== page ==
Friday, December 23, 2011
Microbiology rotation done!
This is the first day in over a month where I’ve felt relaxed.
It’s been the best month clinical-rotation-wise, but it’s also been the most stressful. This is the end of my microbiology rotation, and microbiology is my favorite discipline. My dream day job would be in a micro lab.
So of course I put pressure on myself to do well, to learn fast and to know as much as possible. I did learn a great deal - there was a lot of new information on bacteriology, antibiotics, mycology (the study of fungi) and so on – and the technologists asked a lot of questions to make sure I knew what was going on. The end result was that I did enjoy the rotation, but I also felt as though I was under a microscope myself. I can only hope I made a good enough impression.
On top of that were my two part-time jobs and the need to study for a qualifying exam that’s less than two months away. So I came home exhausted every day – my apartment looks as though it’s been burglarized, with stuff lying everywhere – and I was way too tired to blog.
They let us have today off, which is a great relief. I’ll still be going to the hospital, of course, but that’s for one of my part-time jobs rather than lab work, so it should only be a few hours.
So, what goes on behind the scenes at a microbiology lab?
The lab processes hundreds of specimens on a daily basis. As well as receiving samples from people who are sick, the lab tests screening swabs (to make sure in-patients aren’t bringing any superbugs into the hospital), water samples, and even medications from the pharmacy department. Everything is sent through the front end, where it’s entered into the system and given an accession number.
The people in the front end work like maniacs as a result.
After that the specimen, like a piece of luggage in the airport, goes on to its final destination. Depending on what the specimen is or what the doctor has asked for, it could be sent to the blood bench, the virology department, the screeners, etc. The bottles of blood are incubated and rotated in a large analyzer that looks like an enclosed wine rack. Technologists at the different benches put the specimens on various agar plates to see what grows.
It is always good when nothing does, not only for the patient but for the technologist. If something does grow, that’s when the train of thought speeds up. Is the bacterium a pathogen (disease-causing agent) or just a contaminant which sneaked in somehow? If it’s a pathogen, what tests need to be done to confirm its identity? If it’s a pathogen, is it present in sufficient numbers to report?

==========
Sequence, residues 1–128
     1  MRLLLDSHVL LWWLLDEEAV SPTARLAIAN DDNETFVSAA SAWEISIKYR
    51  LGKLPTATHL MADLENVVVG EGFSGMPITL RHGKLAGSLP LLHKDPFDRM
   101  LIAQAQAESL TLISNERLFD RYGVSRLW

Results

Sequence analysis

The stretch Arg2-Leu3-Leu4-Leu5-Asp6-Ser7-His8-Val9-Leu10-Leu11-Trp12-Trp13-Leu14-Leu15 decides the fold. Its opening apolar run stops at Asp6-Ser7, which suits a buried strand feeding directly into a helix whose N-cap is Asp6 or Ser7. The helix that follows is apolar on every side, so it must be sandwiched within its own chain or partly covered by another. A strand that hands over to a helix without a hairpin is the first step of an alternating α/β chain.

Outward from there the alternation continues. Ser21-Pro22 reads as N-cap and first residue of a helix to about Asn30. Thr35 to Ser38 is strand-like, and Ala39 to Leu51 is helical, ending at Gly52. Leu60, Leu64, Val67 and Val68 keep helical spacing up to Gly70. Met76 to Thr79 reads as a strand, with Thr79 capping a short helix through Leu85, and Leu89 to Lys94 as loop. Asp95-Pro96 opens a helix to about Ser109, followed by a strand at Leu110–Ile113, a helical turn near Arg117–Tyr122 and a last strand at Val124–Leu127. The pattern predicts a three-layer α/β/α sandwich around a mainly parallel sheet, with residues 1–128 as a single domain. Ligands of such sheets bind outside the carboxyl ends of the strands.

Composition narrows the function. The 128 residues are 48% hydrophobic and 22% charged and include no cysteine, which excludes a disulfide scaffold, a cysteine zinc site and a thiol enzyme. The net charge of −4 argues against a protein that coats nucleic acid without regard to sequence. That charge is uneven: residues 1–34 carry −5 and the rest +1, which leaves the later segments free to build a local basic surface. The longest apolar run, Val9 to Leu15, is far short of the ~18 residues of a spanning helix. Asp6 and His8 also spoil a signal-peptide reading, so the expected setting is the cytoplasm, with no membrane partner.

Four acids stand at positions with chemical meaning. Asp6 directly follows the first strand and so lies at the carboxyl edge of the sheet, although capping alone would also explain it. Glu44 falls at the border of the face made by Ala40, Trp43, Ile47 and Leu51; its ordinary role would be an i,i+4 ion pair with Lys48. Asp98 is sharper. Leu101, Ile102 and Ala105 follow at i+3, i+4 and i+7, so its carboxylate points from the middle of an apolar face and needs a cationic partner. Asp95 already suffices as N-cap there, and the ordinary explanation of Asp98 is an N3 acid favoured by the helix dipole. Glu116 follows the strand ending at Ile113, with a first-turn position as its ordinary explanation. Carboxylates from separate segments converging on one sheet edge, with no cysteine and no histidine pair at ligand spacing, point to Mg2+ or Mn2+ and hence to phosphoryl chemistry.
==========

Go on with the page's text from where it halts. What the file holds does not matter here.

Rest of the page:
If technologists reported everything they saw, they’d be either dead from exhaustion or fired for incompetence.
Once the pathogen has been identified, it moves on to the antibiotic testing bench. I moved too, and spent a week learning more about antibiotics than two semesters in college taught me. What antibiotics is the pathogen resistant to? Is it a superbug? What antibiotics can be reported? The analyzer may tell you that the E. coli is susceptible to tetracycline. But if you report that and if the patient is seven years old and if the doctor doesn’t know any better and prescribes tetracycline, the patient will go through life with discolored teeth as a result.
You have to know a whole lot more than the machines and the computer system (and sometimes the doctors), in other words.
I didn’t get a chance to see the virology department, but that was the only disappointing thing about my experience. I even identified a fungal species correctly on my last day, which was all the better because that was the only day we spent on mycology. But it’s great to come home and rest, to have a long relaxed breakfast rather than bolting it with one eye on the clock and to know I’ve got the whole of the Christmas holidays before the chemistry, the next and final rotation.
It’s pretty good to be blogging again too. :)